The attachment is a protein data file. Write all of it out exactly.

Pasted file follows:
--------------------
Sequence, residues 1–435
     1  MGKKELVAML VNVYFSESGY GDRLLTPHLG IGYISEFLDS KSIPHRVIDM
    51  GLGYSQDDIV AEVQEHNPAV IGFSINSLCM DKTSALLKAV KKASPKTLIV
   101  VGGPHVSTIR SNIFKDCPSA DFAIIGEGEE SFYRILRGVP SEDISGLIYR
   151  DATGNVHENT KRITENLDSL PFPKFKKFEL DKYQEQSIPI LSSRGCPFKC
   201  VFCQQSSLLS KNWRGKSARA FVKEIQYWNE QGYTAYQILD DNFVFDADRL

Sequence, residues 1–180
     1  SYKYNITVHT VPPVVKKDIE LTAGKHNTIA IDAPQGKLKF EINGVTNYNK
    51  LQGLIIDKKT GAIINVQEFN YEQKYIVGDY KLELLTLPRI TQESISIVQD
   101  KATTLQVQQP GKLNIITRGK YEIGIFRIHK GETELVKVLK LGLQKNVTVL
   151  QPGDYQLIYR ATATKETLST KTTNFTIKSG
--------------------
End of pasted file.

Sequence, residues 1–435
     1  MGKKELVAML VNVYFSESGY GDRLLTPHLG IGYISEFLDS KSIPHRVIDM
    51  GLGYSQDDIV AEVQEHNPAV IGFSINSLCM DKTSALLKAV KKASPKTLIV
   101  VGGPHVSTIR SNIFKDCPSA DFAIIGEGEE SFYRILRGVP SEDISGLIYR
   151  DATGNVHENT KRITENLDSL PFPKFKKFEL DKYQEQSIPI LSSRGCPFKC
   201  VFCQQSSLLS KNWRGKSARA FVKEIQYWNE QGYTAYQILD DNFVFDADRL

Sequence, residues 1–180
     1  SYKYNITVHT VPPVVKKDIE LTAGKHNTIA IDAPQGKLKF EINGVTNYNK
    51  LQGLIIDKKT GAIINVQEFN YEQKYIVGDY KLELLTLPRI TQESISIVQD
   101  KATTLQVQQP GKLNIITRGK YEIGIFRIHK GETELVKVLK LGLQKNVTVL
   151  QPGDYQLIYR ATATKETLST KTTNFTIKSG